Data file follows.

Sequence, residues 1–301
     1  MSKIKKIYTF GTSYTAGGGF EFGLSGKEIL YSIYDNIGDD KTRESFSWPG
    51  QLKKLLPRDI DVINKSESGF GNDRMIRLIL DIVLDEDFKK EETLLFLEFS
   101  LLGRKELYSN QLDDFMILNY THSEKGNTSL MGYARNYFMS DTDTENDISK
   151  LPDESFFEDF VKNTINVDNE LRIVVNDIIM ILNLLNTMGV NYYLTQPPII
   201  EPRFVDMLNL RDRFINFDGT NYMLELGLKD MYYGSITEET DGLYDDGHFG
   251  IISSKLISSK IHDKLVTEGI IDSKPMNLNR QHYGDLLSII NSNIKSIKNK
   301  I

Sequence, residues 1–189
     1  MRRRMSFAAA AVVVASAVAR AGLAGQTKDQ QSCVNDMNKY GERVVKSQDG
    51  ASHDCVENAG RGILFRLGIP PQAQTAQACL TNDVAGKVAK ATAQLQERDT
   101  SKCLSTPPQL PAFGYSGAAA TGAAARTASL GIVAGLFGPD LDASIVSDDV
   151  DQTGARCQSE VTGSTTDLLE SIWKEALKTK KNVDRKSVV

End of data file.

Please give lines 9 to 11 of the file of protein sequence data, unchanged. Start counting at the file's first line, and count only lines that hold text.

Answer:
Sequence, residues 1–189
     1  MRRRMSFAAA AVVVASAVAR AGLAGQTKDQ QSCVNDMNKY GERVVKSQDG
    51  ASHDCVENAG RGILFRLGIP PQAQTAQACL TNDVAGKVAK ATAQLQERDT